For me as a writer, a lot of people are writing about politics and I’m engaged politically, but I try to think about the sort of human-ness in all of us outside of that. Sometimes music is a weapon for political change, which I’m all for, but it can also be a place to bring people together across different backgrounds. So I see it like that.

I’ve been more into impressionistic art in general, so I was just trying to describe, musically and lyrically, the idea of being isolated. And I’d noticed the contrast between being alone and then suddenly being around people again. That was the Burn Bright metaphor—being inside all of the time and then going out into the sun. It’s great but also overwhelming.

The whole album is just a series of those little moments. My grandfather died in the spring of 2021 and I was around a lot of family and we sang songs together outside around a candle. It felt so good to be around people singing again, so I wrote a song about it for the album.

Analogue: You mentioned the tension of coming back out. How is it being back out in the live setting?

Terry: I’ve been playing a lot out here in L.A. and did some shows in Texas last summer and I’m actually pretty comfortable with it. So that I can keep it sustainable for touring, I play a lot of solo shows but sometimes I’m with a band, too. I’m always a little nervous to play shows, but I am pretty comfortable generally right now.

Analogue: Was that at least a ripe time to write more than usual? Or was that hard to do?

Terry: One of my favorite things to do is to sit and just play music and my goal is to play without thinking about what I’m doing, to just get into a zone. By the spring of 2021, I had a lot of musical ideas in my bag and then lyrics always come later. My producer, Patrick [Damphier], said Western Vinyl wanted another album so he said he’d come in June and asked if that gave me enough time to write. I said I’d do it. So sometimes I work well knowing I have to finish like that.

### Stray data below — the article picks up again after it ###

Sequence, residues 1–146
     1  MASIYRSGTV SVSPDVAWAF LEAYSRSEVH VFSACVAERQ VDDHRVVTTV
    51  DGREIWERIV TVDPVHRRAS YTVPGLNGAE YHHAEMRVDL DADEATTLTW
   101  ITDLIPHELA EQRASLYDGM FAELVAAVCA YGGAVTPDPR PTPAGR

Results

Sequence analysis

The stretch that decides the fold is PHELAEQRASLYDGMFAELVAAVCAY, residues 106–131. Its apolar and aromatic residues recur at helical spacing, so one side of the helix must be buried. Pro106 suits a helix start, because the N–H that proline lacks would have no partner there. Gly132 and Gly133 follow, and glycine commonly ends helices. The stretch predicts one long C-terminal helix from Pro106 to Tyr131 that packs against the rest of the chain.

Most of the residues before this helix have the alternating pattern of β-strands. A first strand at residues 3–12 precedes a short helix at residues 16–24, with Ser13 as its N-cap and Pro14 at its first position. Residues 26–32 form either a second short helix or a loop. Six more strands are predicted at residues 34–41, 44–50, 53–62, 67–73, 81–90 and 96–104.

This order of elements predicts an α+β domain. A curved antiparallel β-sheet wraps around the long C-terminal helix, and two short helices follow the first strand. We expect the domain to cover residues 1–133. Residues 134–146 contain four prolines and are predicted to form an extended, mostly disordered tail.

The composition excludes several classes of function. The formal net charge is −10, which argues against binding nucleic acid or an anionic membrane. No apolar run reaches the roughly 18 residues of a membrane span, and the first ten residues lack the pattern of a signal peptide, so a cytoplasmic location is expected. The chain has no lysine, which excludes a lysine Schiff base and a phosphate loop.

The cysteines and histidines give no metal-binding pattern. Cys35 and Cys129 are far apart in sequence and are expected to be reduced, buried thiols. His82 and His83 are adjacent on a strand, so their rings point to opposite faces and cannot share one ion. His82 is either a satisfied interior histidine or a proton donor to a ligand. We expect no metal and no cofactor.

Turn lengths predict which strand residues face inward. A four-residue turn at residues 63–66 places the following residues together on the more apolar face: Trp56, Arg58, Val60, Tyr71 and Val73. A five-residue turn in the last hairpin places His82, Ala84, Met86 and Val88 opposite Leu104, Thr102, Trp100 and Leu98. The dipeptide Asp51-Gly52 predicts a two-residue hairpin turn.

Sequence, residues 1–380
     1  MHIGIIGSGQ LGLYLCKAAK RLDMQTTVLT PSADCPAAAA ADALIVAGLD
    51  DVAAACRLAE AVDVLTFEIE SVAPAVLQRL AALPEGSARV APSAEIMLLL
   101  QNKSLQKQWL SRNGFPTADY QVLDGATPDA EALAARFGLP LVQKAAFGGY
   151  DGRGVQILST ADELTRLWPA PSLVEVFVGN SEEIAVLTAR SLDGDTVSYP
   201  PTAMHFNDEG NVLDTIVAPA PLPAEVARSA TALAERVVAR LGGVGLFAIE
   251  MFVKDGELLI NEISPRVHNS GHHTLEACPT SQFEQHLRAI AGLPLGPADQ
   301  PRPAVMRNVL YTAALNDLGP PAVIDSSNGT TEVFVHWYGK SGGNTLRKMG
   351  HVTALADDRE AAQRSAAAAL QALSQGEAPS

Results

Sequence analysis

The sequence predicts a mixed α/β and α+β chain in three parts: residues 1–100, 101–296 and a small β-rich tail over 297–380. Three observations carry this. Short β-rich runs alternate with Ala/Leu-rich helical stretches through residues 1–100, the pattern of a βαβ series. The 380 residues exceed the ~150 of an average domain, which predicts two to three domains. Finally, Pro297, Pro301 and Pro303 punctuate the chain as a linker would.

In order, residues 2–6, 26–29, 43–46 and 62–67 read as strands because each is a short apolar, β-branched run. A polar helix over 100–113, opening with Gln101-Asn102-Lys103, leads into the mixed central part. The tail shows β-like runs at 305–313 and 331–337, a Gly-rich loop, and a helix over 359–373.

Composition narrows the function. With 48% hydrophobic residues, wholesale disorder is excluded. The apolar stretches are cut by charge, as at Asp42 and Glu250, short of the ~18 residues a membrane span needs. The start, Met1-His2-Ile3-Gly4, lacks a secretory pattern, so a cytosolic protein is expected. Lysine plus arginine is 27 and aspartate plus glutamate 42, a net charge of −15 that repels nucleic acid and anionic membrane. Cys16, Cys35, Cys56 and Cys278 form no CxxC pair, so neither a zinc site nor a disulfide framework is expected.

Analogue: So did you have a lot of songs on the cutting room floor here, or were you focused on just fleshing out a specific set?

Terry: This time I was really focused and I knew what I wanted the album to feel like. I did have more songs than what made it onto the album but not as many as normal. It was more of a pressure cooker. This was the most moment-like album I’ve ever had. The other ones are done over time where I have a year and then another three songs. This one was quick and in the moment, which I liked.

Analogue: What are you most proud of on Burn Bright?

Terry: The second song on the album is called “When I Think of Tennessee” and I am really proud of that lyrically and melodically. It came to me quickly. I think trying to be impressionistic and true are the two things I’m trying to balance. I want to pull from a grounded, lived-out experience but I’m picking and choosing the right words with the right melody that also evoke something greater than the sum of its parts. That song does that.